I turned in an application that I felt represented me

When I started my journey to law school, I had a million questions about the admissions process. I knew my undergraduate institution had a pre-law advisor. I even knew the advisor well. I also did a little math: the pre-law advisor at my undergraduate institution serves hundreds of students every year. I really needed help with things like my personal statement. I knew I could write well. I also knew my pre-law advisor could do a grammar check. But, what law schools wanted in that statement eluded me. Did they want to know why I was hoping for a shot at law school? Did they want me to expand upon an important aspect of my resume? I needed candid advice, but I really did not know where to start. So, I did a web search skeptical that I would only find someone who knew little more than I at a lofty price.

I pulled up Anna Ivey's page, and one of her accolades stood out at first glance: She had been the Dean of Admissions at the University of Chicago. That was the kind of experience I wanted. I ran to Anna hoping that I wasn't calling a loose cannon. In less than twenty-four hours, she called me back. Everything about her was professional right down to the questionnaire and retainer she sent me. Somewhere in there was a confidentiality statement as well, a commitment I could never secure from my pre-law advisor; I could level with Anna. I secured Anna for help.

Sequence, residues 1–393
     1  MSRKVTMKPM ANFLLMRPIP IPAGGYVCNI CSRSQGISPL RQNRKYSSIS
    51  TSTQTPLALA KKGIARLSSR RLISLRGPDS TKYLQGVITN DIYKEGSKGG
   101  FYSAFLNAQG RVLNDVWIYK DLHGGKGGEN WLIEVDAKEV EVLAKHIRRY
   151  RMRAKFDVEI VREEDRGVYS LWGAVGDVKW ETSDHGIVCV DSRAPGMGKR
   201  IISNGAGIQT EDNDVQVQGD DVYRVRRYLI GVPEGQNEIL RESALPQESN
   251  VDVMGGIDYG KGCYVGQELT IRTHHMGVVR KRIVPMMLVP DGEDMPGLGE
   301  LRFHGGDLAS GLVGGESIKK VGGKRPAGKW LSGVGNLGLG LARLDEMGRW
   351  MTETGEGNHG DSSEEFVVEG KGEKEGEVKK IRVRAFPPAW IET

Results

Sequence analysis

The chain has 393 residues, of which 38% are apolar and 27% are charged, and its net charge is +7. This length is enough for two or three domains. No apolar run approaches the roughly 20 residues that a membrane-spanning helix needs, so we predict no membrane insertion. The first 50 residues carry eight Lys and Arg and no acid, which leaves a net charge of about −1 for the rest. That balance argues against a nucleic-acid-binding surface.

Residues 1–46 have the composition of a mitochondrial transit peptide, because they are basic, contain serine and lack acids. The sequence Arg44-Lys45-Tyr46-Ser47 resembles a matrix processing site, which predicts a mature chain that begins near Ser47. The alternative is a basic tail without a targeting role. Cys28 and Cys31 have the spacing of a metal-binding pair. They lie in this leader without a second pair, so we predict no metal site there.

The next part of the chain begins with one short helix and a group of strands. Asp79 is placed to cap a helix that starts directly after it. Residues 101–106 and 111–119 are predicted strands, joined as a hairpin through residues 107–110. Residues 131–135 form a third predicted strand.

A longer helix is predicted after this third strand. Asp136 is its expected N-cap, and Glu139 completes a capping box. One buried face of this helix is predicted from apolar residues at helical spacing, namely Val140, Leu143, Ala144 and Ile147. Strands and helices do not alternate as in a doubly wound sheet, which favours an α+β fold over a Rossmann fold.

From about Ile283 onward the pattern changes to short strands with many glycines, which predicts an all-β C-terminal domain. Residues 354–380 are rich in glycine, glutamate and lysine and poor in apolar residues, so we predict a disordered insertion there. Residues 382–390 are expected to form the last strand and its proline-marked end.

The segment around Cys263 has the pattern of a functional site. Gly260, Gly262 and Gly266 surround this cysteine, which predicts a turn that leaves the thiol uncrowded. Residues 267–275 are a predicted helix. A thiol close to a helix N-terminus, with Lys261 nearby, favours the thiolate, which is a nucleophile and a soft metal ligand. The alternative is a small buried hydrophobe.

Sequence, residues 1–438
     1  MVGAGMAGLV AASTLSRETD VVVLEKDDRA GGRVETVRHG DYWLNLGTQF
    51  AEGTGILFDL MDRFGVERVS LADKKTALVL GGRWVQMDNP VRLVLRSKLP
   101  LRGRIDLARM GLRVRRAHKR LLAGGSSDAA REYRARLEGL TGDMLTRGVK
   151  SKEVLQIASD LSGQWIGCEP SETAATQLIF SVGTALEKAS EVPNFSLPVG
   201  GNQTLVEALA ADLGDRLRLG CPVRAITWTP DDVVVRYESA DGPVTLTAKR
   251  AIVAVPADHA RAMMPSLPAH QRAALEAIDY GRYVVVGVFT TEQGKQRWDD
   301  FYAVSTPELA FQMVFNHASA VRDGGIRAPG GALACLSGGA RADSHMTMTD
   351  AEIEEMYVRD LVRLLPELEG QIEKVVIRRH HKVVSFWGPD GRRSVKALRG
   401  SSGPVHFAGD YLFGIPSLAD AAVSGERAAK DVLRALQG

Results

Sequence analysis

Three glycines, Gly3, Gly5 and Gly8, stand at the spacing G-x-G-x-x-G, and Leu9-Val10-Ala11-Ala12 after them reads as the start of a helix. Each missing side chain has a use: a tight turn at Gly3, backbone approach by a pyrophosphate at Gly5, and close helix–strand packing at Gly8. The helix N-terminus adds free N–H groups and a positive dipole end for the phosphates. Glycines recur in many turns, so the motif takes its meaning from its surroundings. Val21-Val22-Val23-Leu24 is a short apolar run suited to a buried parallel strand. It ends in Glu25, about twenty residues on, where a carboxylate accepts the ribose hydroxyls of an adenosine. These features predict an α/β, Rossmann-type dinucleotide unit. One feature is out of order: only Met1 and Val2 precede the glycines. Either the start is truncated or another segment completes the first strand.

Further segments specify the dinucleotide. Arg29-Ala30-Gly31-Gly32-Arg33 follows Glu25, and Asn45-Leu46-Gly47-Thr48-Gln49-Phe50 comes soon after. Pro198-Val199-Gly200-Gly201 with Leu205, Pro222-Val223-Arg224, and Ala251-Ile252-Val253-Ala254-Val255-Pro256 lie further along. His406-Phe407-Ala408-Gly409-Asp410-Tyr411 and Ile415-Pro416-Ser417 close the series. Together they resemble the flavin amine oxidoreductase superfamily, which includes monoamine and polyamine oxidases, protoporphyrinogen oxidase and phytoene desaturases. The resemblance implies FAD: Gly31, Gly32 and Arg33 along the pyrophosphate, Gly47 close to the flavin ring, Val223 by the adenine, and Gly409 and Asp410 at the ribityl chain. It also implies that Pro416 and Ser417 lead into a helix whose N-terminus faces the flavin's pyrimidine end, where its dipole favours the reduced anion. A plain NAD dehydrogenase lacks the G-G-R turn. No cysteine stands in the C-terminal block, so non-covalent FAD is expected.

In truth, Anna gave me more help than I ever hoped for. She was an unexpected support through the LSAT. And, she was able to tell me what "personal" in personal statement really meant. I wrote draft after draft for Anna. I was writing things that were far more personal than I had imagined, yet Anna helped me balance the personal with a professional voice that kept my essay from sounding like teenage melodrama. Better yet, Anna helped me rework my resume so it truly highlighted my accomplishments in a ridiculously finite page. I still use that version of my resume for my job interviews. I laugh when I look at the resume I started with and the resume I have now. Anna just has an eye for detail and encouraged me to shed light on things I'd have cast aside as unimportant. How would I know what a law school might find important?

I could not have been more pleased with Anna's assistance. She answered all of the questions that I felt silly asking. Better yet, I turned in an application that I felt represented me. In retrospect, it seems an odd turn of events that I went looking for Anna so that I could hand an admissions committee an application that fit some secret formula. With Anna's help, I ended up sending an application that was simply a reflection of me.

I ended up being accepted to my first choice, Michigan, and received a nice grant as well. In fact, the grant would have paid for Anna many times over.

—Michigan Law School